Election Campaign Merchandise

Another thing that surprised me was seeing how commercial the whole fundraising and marketing angle of the campaigns were. I did not know that each party except George Galloway’s Respect Party had an online shop and election merchandise.

Green Party Standing Up For Migrants mug
Green Party Standing Up For Migrants mug

The Green Party have rushed out a “Standing up for migrants” response to Labour mug within hours:

“Last week Labour released their “controlling immigration” mug. Here at The Green Party we believe in standing up for migrants’ rights. If you share the belief that we must all work together for the common good, join us in drinking from this mug!¬†N.B. Exact design TBC. Coming soon”

The LibDem mug can’t actually be searched for on their website because all searches must contain at least 4 characters, which rules out “mug”! Although if you search for “mugs” you’ll be steered towards the only search result, a customised mug with your favourite LibDem MP, MEP or Lord on it! Browse by category and you’ll find the other 18 mugs on offer. Lesson – don’t let the LibDems build the next Government website!

There’s also an “I’m a counsellor” mug in the Welsh products section. I always thought that counsellors counseled whereas councillors stood for office, even in Wales.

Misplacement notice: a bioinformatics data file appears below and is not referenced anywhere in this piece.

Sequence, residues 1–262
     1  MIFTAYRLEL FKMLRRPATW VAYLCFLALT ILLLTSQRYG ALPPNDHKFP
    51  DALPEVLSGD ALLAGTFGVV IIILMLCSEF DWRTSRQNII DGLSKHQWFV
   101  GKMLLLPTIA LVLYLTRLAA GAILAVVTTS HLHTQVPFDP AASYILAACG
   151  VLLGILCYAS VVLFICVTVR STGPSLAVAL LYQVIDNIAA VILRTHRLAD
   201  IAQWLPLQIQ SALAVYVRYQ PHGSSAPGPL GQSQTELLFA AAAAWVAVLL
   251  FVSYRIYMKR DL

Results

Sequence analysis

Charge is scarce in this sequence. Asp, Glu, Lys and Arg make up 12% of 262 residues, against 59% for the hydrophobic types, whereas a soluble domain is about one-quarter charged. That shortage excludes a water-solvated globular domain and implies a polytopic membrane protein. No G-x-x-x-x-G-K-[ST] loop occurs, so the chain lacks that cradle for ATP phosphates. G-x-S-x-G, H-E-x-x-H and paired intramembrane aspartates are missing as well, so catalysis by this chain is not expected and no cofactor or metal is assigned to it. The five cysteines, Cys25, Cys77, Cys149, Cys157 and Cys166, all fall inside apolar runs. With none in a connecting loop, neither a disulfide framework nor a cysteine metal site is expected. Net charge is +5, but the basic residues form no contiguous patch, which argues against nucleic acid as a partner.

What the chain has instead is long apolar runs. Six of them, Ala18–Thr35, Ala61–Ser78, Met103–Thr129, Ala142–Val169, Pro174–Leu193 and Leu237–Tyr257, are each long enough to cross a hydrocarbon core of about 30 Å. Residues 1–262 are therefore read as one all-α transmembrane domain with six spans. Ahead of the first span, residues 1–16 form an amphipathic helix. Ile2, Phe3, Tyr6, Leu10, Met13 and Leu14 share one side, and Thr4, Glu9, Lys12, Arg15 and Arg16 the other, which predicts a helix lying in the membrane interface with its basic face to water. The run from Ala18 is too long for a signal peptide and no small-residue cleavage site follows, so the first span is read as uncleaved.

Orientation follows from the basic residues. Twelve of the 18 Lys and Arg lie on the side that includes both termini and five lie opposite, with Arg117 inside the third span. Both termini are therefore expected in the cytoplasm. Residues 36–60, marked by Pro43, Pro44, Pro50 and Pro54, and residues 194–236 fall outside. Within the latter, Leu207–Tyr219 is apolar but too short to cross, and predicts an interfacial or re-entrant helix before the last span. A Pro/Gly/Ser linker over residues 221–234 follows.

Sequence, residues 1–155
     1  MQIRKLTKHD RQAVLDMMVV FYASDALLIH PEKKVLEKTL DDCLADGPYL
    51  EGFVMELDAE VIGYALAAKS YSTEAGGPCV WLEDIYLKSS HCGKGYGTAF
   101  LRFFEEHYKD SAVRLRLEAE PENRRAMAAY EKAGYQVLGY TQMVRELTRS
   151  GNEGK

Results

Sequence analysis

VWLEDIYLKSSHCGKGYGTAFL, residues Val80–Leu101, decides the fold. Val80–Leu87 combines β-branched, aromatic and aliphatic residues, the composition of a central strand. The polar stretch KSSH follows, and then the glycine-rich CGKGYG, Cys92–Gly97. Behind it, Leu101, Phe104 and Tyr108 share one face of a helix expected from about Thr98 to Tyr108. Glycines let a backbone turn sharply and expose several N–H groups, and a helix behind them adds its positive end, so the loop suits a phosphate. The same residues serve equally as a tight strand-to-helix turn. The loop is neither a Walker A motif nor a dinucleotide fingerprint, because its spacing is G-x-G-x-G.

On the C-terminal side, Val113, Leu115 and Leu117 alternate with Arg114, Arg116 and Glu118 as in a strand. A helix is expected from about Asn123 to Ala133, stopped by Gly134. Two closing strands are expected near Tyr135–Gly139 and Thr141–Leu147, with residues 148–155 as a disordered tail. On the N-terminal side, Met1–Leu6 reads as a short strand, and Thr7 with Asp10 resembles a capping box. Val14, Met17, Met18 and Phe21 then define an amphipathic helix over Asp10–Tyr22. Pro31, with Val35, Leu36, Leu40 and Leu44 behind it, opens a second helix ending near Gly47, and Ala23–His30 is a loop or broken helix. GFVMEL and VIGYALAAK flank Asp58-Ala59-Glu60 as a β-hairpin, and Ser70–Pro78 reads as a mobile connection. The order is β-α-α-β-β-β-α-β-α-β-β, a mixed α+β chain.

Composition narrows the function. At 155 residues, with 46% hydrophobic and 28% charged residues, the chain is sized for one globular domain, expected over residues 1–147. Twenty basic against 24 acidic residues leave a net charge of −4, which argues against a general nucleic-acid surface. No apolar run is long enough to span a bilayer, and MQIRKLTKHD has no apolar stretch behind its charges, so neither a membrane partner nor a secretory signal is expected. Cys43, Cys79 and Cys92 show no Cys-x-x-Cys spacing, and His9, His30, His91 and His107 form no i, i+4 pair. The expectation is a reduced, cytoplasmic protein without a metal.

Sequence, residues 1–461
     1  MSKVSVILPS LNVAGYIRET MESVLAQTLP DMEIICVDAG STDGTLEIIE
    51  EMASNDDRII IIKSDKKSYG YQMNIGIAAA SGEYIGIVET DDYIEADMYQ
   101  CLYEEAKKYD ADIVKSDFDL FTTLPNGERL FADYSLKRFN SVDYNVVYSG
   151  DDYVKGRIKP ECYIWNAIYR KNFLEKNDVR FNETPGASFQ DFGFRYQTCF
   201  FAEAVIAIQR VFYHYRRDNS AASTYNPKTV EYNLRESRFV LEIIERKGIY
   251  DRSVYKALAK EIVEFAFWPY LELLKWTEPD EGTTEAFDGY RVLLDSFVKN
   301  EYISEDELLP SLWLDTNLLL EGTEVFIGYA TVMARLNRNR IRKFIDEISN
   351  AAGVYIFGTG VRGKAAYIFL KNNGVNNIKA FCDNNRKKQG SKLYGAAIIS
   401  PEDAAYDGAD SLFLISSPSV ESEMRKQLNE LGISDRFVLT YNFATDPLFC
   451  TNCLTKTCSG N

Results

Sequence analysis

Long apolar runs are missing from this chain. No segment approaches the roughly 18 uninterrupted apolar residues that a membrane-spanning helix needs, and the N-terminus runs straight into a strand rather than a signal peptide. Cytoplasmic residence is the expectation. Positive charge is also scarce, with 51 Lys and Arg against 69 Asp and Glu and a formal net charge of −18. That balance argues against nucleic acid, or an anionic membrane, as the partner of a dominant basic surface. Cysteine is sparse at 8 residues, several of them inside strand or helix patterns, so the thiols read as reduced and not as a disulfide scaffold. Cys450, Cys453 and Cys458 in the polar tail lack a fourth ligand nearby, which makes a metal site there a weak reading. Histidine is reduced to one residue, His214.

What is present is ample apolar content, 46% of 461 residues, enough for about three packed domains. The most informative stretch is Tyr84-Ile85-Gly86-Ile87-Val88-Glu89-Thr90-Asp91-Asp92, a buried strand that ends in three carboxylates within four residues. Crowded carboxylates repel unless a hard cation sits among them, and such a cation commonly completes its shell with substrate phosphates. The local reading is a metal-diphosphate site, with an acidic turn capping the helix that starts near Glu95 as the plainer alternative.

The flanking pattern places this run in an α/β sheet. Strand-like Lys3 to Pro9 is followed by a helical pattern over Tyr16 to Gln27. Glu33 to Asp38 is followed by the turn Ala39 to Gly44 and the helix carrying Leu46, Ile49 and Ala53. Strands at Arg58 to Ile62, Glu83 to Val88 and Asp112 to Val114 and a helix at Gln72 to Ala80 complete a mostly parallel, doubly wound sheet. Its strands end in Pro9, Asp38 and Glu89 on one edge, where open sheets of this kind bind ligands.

The Tories have an illustration in their kitchen shop of mugs but no mugs for sale, hastily removed, perhaps, after Labour #MugGate? Though, for the price of Labour’s mug ¬£5 you could buy “36 Blue cupcake cases“. By far the largest section of their online shop contains 23 Maggie memorabilia items. Many of the items elsewhere in the shop, including the baby clothing department, are actually green and not blue. Get in quick with your “Future Prime Minister” bib to replace David Cameron in the Parliament after next…

Labour are also selling replica posters from 1945 “Labour for Him/Her” with 70 year old campaign messages.

Future economic policies could perhaps be gleaned from the online shop Party political pricing. Labour and Green mugs are ¬£5, SNP ¬£6, the LibDems, “we won’t cut as much as Labour or Tory”, ¬£7.50, and the Tory mugs were no doubt scrapped during the austerity cuts or vetoed by George Osborne. Plaid Cymru are positively encouraging migration to Wales as they are only charging ¬£3!

The Political is Personal

David Cameron has said that the political is more than just personal, it is “national”, and made the campaign trail a straight choice between the Churchill-Cameron strong man or Ed “two kitchens” Miliband chaos.

So one of the very things that turns people off politics, is back to centre stage – personality politics. The soundbites are more about the Cameron v Miliband, than Conservative v Labour. Whilst Labour are fairly solid, repeated polls suggest that Miliband has the lowest approval rating of all the party leaders. Whether level-pegging or just ahead Labour would win more seats because of our demographic electoral system, however they are likely to fall short of a majority.

Whilst the USA has its Tea Party, here in the UK, in 6 weeks time, it will likely be a case of choosing which coalition set of mugs to form the next Government, and which get sold off on eBay at Poundland prices.